This write-up is intended to demonstrate how I converted my furnace to run on waste oil; it isnít supposed to give you a detailed step-by-step conversion process. If youíre going to attempt this conversion some basic mechanical skills, some good tools, a GOOD understanding of electrical systems, some patience, and a willingness to experiment are necessary. Iíll answer any questions to the best of my ability. I went through lots of ideas and alternatives before I settled on my final design. Iím listing the steps I took and the parts I used in my conversion; but feel free to be innovative! Iím sure somebody can improve on my design somehow. I believe that the Beckett burner I used is also used in boilers; so this could also be used for in-floor radiant heat, hot-water radiator type heaters, or hydroponic furnaces. A cart could also be built that holds the furnace and a primary oil tank, making this a portable high-capacity heater that you could roll to wherever heat was needed (although exhaust venting would still be necessary).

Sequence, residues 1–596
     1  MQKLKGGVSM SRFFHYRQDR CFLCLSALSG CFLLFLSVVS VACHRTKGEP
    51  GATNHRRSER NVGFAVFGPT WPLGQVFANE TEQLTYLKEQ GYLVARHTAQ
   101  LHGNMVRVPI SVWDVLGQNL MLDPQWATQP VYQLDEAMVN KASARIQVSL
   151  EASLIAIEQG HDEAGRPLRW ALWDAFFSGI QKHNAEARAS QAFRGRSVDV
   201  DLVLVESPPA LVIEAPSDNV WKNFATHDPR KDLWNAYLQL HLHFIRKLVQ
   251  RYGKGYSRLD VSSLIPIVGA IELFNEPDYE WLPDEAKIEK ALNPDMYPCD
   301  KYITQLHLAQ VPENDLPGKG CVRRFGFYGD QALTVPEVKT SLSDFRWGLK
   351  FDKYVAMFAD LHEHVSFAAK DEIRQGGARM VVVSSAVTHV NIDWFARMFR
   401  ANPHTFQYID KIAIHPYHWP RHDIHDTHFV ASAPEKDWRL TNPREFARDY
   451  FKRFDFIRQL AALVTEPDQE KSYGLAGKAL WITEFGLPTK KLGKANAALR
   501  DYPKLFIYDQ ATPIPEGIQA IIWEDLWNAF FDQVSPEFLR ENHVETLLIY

I donít assume any kind of responsibility or liability for what you do in your shop. Keep in mind that you are working with flammable liquid and high voltage. If you set your house, shop, garage, or self on fire Iím truly sorry but itís not my fault. I also know that the EPA prohibits the use of waste oil for heating your home (although it is permitted for heating a garage or shop). I have no idea how this would be enforced. I donít know of any other laws, rules, statutes, etc. involving the use of waste oil for heating so it is up to you to decide if it is legal.
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Old 10-19-2008, 09:29 AM   #2 (permalink)